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On April 14, 2020, the MSBA Tax Section hosted its second webinar on the CARES Act Payroll Protection Program (PPP). This webinar, Caution Ahead: PPP Updates and Considerations for the Self-Employed, focused on grants and loans available to independent contractors, self-employed individuals and partnerships, and built on an April 3 presentation regarding small businesses and sole proprietorships. Frost Law attorneys Rebecca Sheppard and Peter Haukebo provided program updates, answered questions and made practical suggestions based on current experience with their clients and others that have sought relief from the SBA and SBA lenders for COVID-related economic hardships. Both presentations can be viewed in their entirety here.

Before addressing the new PPP loan provisions, the speakers reminded their audience that the CARES Act enhanced the pre-COVID Economic Injury Disaster Loans (EIDL) program administered directly by the SBA. Unlike the PPP, EIDL is not tied to payroll and is available to small businesses (including sole proprietorships and independent contractors) and nonprofits with less than 500 employees that have suffered substantial economic injury due to the pandemic. The SBA can provide low interest EIDL loans of up to $2 million, and under the CARES Act, grants of up to $10,000, even if the business also receives benefits under the PPP. Information about the interplay of EIDL and other COVID-19 relief programs can be found here. Although not yet working as efficiently as promised by the SBA, the presenters suggested that eligible businesses promptly pursue EIDL and other benefits as funding is limited.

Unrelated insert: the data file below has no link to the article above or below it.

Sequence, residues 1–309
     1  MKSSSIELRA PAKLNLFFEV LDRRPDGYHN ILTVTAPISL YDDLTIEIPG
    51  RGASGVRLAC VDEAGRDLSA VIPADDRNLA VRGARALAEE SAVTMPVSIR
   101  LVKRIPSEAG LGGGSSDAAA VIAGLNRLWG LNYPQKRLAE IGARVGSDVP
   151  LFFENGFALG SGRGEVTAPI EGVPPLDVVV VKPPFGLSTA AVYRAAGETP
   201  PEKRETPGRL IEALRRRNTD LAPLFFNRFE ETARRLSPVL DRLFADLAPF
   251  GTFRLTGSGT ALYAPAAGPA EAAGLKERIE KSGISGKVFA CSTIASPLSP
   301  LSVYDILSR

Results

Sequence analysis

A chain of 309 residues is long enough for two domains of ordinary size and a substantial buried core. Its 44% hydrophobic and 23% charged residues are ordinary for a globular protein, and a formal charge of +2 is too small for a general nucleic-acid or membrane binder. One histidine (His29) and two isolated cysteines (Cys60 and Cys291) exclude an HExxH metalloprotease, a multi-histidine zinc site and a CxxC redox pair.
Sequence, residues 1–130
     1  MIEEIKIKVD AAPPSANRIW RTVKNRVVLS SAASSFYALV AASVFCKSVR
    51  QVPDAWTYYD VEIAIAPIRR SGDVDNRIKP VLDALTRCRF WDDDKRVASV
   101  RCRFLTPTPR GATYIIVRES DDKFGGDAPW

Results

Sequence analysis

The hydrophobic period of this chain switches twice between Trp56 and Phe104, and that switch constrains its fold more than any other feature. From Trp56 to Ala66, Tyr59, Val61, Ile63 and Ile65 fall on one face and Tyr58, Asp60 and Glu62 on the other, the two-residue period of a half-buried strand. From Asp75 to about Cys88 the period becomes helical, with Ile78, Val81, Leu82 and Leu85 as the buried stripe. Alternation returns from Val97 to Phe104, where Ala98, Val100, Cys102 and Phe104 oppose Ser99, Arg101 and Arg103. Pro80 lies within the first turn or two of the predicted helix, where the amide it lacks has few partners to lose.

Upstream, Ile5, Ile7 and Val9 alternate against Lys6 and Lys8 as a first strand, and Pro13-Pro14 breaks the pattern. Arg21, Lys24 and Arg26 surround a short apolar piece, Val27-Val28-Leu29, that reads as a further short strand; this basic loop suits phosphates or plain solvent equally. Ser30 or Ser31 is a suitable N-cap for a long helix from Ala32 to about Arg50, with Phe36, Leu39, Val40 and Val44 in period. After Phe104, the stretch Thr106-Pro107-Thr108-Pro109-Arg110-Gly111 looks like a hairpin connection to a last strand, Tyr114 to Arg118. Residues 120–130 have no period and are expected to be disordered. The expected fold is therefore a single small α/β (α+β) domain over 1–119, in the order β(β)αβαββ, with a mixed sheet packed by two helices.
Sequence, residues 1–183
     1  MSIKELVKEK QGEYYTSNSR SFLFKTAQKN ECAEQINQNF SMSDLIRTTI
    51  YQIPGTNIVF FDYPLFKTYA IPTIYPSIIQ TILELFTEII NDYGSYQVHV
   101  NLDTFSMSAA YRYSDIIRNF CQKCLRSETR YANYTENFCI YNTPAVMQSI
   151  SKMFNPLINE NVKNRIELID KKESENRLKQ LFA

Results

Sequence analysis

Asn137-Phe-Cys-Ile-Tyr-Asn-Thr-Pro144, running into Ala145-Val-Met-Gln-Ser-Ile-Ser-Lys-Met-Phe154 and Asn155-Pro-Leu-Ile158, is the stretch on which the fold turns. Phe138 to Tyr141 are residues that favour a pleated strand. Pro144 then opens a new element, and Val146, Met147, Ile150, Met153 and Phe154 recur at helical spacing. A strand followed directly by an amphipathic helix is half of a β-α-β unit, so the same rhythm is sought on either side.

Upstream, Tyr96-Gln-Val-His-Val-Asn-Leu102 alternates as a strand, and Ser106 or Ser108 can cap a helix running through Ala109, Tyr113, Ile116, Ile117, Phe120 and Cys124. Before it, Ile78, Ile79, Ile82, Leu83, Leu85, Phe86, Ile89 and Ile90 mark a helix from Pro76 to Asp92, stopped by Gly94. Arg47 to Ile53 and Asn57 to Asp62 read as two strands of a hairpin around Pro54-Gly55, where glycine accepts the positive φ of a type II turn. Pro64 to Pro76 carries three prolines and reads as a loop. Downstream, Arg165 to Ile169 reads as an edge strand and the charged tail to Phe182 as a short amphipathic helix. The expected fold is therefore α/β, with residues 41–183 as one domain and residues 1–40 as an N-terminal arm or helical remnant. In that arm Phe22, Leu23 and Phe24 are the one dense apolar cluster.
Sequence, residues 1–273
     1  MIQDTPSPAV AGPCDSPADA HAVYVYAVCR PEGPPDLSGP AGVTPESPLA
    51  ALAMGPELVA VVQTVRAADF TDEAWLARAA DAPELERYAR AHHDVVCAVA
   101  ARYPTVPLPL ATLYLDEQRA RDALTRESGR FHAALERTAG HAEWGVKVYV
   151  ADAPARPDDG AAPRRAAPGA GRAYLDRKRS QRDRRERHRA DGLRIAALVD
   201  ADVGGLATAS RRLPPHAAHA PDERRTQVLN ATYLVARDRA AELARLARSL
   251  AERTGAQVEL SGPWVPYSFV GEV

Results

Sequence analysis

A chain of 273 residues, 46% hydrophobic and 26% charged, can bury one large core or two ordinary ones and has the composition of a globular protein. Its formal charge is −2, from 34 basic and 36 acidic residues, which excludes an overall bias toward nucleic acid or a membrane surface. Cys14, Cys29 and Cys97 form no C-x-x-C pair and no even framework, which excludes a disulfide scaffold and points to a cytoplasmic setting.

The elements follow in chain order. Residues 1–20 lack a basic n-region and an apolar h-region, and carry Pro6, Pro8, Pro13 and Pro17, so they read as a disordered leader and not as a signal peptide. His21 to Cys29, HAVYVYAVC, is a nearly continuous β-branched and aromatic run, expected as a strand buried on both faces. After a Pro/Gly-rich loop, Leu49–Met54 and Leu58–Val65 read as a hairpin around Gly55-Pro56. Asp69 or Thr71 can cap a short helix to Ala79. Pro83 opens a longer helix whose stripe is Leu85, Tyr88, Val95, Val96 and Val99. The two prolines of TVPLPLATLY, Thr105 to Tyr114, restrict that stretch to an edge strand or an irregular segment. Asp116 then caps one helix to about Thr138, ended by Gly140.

While EIDL covers general business disruptions, the PPP is designed to keep people working by authorizing bank loans to small businesses and nonprofits to help cover payroll and employee benefit expenses during the COVID-19 emergency. Congress has thus far provided $349 billion for loans to be repaid with interest at 1%, much of which will be forgiven if certain full-time equivalent retention benchmarks are met. Additional PPP funding is anticipated.

Ms. Sheppard and Mr. Haukebo walked their audience through some of the formulae for determining PPP eligibility, including how to determine payroll costs, which employees and what benefits can be included in the calculation, the time (or lookback) periods relevant to the calculation, and how the amount of the loan forgiveness will be determined in the future. They also discussed when (“now”), where (any SBA lender or federally insured depository institution) and how to apply for PPP benefits.

Before taking questions for 30 minutes, the presenters warned of potential pitfalls for businesses that seek CARES Act benefits, most notably post-loan scrutiny for misstatements in benefit applications or a subsequent misapplication of proceeds. They suggested as a guiding principle that these programs not be looked at as a “free money cash grab,” and encouraged all benefit recipients to take steps now to be prepared to show later how the coronavirus crisis impacted their business, and how they used the proceeds.